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Noita rewards you for being reckless, so set everything on fire

Life and death advice

Noita is a game about searching for a good death. This is the conclusion I've come to after two weeks of playing it each day. I try and I die and I try again, and when I stop for the evening, it's not because I've reached further than ever before. It's because I have crafted a suitably satisfactory demise.

All roguelikes are about dying - permadeath is one of their defining properties - and Noita is no different. It's a side-scrolling roguelike which carefully simulates each pixel, creating a world from materials that move and react to the stimuli around them. Everything performs as you'd expect: oil catches fire, water evaporates, steam rises upwards. Within this slop, there are enemies, and there is you.

Imminent death ought to make you cautious, and you can tiptoe through Noita quite easily. It's not hard to reach the exit of each zone by just heading quickly south through the dungeon. Even if you want gold with which to buy better wands, the player's main source of power, it's not hard to kill many of the enemies with a minimum of fuss.

The trouble is that being cautious doesn't guarantee you won't die. Death is still inevitable. Instead caution just guarantees your death will be boring. You'll be hit by a shotgun blast and lose your last few points of health, the end. Or you'll be pounced upon by a normally easily dispatched enemy, and this time miss the shot you'd made a hundred times before. "Attrition," your death certificate may as well read, the equivalent of dying because you scraped your knee too many times.

This is not the life and/or death I want for myself. I want a death worthy of a Wikipedia page.

Earlier this week I was listening to a recent episode of The Spelunky Showlike, an excellent game design podcast, and guest Zach Gage - designer of many interesting games - was talking about the potions in Brogue. The potions in Brogue are one of my favourite things, but Gage described them in a new way: he said that their main power was to take an interesting challenge the player is facing and replace it with a different interesting challenge.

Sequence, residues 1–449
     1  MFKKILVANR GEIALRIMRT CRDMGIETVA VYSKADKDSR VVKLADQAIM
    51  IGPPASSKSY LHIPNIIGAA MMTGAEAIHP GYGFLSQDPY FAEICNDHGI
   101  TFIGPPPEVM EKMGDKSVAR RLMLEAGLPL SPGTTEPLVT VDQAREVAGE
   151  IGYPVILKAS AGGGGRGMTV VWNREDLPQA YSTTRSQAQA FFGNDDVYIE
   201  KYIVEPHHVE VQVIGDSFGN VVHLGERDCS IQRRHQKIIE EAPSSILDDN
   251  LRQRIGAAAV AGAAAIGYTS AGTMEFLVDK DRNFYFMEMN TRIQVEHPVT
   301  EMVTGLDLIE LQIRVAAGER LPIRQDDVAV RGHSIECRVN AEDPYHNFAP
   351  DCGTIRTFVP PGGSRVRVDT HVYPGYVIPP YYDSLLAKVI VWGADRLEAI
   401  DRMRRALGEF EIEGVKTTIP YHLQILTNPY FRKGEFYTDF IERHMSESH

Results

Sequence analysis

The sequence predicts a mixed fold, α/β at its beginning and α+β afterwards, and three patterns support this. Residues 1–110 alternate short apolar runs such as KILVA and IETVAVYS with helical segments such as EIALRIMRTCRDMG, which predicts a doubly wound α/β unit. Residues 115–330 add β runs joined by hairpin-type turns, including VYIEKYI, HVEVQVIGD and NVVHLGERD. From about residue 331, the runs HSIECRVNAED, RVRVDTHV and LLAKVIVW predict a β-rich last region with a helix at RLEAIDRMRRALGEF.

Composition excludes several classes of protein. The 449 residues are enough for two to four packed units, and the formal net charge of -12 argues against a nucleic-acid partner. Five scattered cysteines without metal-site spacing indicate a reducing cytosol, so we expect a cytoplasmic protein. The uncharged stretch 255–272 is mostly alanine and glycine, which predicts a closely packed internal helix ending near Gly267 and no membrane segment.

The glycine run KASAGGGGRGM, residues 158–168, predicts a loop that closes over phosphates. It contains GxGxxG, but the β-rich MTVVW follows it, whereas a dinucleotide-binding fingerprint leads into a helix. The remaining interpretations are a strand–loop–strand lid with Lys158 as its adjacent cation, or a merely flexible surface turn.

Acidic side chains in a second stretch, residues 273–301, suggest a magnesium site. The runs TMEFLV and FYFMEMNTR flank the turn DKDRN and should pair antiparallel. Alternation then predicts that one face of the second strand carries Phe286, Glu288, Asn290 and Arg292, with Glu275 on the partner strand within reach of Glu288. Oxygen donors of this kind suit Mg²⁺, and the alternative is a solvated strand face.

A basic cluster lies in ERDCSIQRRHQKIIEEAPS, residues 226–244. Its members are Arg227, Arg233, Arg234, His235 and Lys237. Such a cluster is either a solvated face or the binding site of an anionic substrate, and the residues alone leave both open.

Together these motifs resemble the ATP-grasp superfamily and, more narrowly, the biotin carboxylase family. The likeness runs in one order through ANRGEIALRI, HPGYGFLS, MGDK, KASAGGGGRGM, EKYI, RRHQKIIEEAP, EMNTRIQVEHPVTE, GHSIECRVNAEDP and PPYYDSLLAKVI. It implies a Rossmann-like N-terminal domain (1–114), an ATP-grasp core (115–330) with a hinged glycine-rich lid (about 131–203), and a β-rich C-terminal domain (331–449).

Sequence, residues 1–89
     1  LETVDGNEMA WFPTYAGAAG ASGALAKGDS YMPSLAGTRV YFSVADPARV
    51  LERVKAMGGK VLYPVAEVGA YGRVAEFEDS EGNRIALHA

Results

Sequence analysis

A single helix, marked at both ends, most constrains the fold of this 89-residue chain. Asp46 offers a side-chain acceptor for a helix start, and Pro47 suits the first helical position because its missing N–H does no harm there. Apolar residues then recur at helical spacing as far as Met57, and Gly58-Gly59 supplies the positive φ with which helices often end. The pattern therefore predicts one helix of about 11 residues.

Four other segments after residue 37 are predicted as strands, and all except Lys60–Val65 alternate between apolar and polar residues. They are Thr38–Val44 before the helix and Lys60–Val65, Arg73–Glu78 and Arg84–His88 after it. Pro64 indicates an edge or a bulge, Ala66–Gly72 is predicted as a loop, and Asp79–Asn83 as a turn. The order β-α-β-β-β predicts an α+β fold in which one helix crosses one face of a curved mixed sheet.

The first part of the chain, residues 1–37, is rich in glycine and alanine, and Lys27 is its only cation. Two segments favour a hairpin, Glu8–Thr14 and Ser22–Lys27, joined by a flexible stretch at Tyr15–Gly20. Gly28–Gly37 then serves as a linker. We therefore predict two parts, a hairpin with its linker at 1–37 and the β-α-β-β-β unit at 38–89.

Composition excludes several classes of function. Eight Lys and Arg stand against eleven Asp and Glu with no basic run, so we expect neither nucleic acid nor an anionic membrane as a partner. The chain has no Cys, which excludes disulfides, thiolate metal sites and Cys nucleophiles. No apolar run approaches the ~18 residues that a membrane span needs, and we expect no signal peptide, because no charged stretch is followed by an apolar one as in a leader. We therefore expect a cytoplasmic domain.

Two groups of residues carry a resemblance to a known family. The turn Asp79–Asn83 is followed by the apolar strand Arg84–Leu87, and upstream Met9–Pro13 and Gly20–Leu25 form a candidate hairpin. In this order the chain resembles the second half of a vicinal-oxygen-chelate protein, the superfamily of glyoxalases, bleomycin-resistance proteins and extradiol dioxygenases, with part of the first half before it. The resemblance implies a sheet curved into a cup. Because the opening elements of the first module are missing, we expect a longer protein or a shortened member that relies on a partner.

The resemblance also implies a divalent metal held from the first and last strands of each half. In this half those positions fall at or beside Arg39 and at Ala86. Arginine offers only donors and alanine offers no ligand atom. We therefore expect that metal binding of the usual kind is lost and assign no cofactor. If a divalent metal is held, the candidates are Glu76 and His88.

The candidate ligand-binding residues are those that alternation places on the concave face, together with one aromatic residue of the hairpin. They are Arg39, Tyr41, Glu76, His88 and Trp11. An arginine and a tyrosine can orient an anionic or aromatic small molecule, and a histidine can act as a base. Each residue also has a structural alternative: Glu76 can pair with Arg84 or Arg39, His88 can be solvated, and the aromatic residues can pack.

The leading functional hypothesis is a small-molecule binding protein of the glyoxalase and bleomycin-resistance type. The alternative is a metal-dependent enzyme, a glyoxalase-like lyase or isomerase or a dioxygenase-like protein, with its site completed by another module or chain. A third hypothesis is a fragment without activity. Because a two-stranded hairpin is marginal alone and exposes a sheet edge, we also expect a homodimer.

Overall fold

Note that he's not saying they replace it with a better or easier challenge. I can tell you from experience, they absolutely do not. Their effects are unpredictable and as likely to hurt as to help. The point is that they put the power to change things into the player's hands, and those changes are almost guaranteed to be interesting.

Noita has this same power within its physically simulated world. The procedurally generated dungeons present you with interesting challenges and decisions to be made, but you always have the power to trade the situation you're in for a different, interesting challenge. All you need to do is be the spark that will light the fire that will burn the First Order down everything, absolutely everything.

A large enemy ahead? Throw some bombs at it, see what happens. A small enemy ahead? Set fire to that vat of oil, see if maybe the flames head in its direction. Find an egg? Smash it and see what's inside. Take every wand and fire it without reading the spell descriptions. Be the change you want to see in the world, and have the change you want to see be "everything is covered in toxic slime now."

Your new toxic slime life might not be better, but it is certainly interesting. And I think playing Noita like this is really the only way that makes sense. The alternative is to spend your time avoiding the toys it's handing to you, because the wands and traits you pick up are almost all designed to replace the challenge you're facing in unpredictable ways.

This philosophy is how I was murdered by an ancient god, because I destroyed his temple by firing bolts of corrosive acid inside it til the air was thick with flammable gas. This is how I died embedded in some rock, after spending the final moments of my life as an 80-foot-long, scenery devouring worm. This is how I drowned, after a voluntary case of teleportitis magicked me into a water-filled and inescapable chasm.

This is how I was able to finally stop playing for the day, and go to bed, satisfied. Because I spent six bombs to single-mindedly explode my way towards a wand submerged in some water and was electrocuted to death the second I picked it up. It was a trap, and a fine death.

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Graham Smith avatar

Graham Smith

Deputy Editorial Director

Rock Paper Shotgun's former editor-in-chief and current corporate dad. Also, he continues to write evening news posts for some reason.